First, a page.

Linda Romano’s own high school experience was, in a word, challenging. The native of upstate New York struggled through remedial coursework as an underclassman and found that nothing in the academic arena ever came easy. But when a representative from Orange Ulster Boces Career and Technical Education (Goshen, NY) came to her school, something about the programs—particularly the health occupations education program—clicked with Linda.
“I was never a great student and had difficulty in many high school subject areas, but I remember them talking to us about Licensed Practical Nurses and Nurse Aides, and I went home and told my parents that was what I wanted to do,” says Linda. She enrolled in the program as a senior, and after graduating high school, pursued an Associate Degree in Nursing, shattering the expectations of her by teachers and family members. Soon, Linda became a Registered Nurse, starting her career on the medical-surgical floor of Tuxedo Memorial Hospital in Tuxedo, New York. She also spent time in labor and delivery. After having a child of her own, Linda moved into home healthcare, working for Elant, a nonprofit provider of long-term care solutions to patients in the Hudson Valley.
Recruited to teach
Soon, Linda was approached to teach in Elant’s home healthcare aide training program. She also started teaching in the Certified Nurse Aide program that supplied new graduates to the organization. “That school was located right on our campus, so it was very convenient, and I fell in love with teaching,” she says. After 17 years working at Elant and teaching at night, a new opportunity came Linda’s way in 2006: to help start a Health Science/Nurse Aide Training program at Newburgh Free Academy, a high school that exposes students to health-related careers like nurse aide, home health aide, physical therapy and nursing.
Linda’s first class had just 12 students. Today she has grown it to more than 250, including over 80 Certified Nurse Aide students. “There was something about this school that called to me, like I was sent here to do what I’m doing,” Linda admits. “I wanted to make a difference in my career, and here, I feel like I am.”
Earning a bachelor’s degree
Despite her career success, there was something that always bothered Linda about her own resume. “Honestly, as a faculty member here who is encouraging students to go earn bachelor’s degrees, I was embarrassed that I only had an associate degree,” she says. When Linda’s daughter began looking at colleges in 2012, she decided she should do the same. With a busy schedule, she looked for online BSN programs. American Sentinel University was one of the first schools she considered. In 2013, she started the program, graduating two years later. “American Sentinel did more for me than I could even fathom. Starting that program was the beginning of a lot of great things for me.”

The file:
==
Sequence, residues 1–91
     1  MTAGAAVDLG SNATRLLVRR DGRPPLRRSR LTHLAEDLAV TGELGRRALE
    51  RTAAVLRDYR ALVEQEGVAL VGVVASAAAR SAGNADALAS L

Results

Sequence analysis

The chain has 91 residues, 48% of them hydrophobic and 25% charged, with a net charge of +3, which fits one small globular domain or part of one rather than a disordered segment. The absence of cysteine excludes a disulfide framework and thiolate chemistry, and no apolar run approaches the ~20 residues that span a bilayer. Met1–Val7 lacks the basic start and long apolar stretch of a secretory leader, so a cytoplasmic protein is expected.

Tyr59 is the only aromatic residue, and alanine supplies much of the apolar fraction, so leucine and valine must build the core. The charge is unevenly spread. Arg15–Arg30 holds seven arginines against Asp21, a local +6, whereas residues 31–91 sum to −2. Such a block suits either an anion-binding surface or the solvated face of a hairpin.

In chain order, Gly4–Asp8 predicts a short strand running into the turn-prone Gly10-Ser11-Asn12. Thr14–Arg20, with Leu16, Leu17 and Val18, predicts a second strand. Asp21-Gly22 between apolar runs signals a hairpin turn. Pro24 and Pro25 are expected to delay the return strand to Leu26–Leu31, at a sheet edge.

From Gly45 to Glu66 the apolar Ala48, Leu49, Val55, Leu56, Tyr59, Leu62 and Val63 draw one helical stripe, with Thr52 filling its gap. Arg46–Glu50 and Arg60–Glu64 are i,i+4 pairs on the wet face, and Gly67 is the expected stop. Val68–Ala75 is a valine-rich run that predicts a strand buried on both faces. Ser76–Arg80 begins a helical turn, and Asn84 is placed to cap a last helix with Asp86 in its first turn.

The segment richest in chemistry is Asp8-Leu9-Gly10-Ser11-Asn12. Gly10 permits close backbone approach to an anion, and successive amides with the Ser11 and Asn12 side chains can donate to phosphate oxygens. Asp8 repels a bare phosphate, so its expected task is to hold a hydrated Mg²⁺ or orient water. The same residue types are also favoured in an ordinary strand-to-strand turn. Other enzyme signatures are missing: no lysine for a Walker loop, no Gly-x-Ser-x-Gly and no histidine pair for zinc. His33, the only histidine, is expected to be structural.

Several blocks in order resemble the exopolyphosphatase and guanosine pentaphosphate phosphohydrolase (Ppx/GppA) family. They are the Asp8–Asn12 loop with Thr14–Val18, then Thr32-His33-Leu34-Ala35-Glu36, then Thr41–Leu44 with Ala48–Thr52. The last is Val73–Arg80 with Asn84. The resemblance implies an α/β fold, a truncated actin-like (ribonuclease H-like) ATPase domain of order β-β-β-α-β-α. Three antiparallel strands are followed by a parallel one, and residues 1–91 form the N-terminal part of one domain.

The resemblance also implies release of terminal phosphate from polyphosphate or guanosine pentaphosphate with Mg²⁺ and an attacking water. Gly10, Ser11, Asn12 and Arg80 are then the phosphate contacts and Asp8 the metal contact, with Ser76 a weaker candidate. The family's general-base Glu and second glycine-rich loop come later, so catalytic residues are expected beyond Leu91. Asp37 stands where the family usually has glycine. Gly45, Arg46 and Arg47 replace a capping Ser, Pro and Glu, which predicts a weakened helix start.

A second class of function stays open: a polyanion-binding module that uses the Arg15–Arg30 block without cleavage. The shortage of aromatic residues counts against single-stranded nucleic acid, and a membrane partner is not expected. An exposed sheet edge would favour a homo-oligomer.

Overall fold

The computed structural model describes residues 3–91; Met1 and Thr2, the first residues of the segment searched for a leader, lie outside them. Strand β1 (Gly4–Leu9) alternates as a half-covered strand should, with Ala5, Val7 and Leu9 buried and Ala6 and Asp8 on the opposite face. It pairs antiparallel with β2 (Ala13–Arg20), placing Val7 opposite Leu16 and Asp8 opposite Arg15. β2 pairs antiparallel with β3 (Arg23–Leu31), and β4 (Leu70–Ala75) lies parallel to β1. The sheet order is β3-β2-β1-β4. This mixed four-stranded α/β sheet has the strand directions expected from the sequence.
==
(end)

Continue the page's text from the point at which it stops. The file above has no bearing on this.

College lit a new fire under Linda, and she began getting involved in her profession. She joined the New York State Health Science Educator Association (NYS HSEA). She was appointed as a board member for the NYS Association for Career and Technical Education (NYSACTE) and started presenting at career and technical education conferences around the country. Linda also started volunteering throughout her school district to make lasting improvements and is the chairperson of the school’s leadership team. In 2017, Linda was appointed president of the NYS HSEA. Recently, she was nominated as vice president of the Association for Career and Technical Education.
ACTE National Teacher of the Year 2018
Because of her work and passion for her students and their futures, Linda was named ACTE Teacher of the Year for New York in 2017-2018. That led to her being named a regional Teacher of the Year as well. And last month, Linda was named the ACTE National Teacher of the Year for 2018, selected from five finalists. “It feels like a dream that I’ve earned these recognitions, and I hope it shows that I love what I do,” says Linda, adding that her students are her inspiration. “I’m nothing without the young adults I teach. Their success is my success. I’m very, very proud of them and want to use these awards to open up doors and highlight what amazing students they are.”
These days, Linda is thinking about bolstering her own future with an MSN. “The BSN gave me confidence and really made me want more for myself,” she says. She hopes to enroll at American Sentinel in the MSN, nursing education specialization, in summer 2018. “More than anything, I want to show my students that I’m still going after what I want, and they should always, always do the same.”
Inspired by Linda’s story? A BSN is ideal for nurses who want to expand their knowledge base, become more marketable and enjoy greater career stability and mobility. Specialized knowledge forms the foundation of nursing and when you acquire new knowledge, you can apply it to nursing practice in ways that enhance patient care and improve outcomes.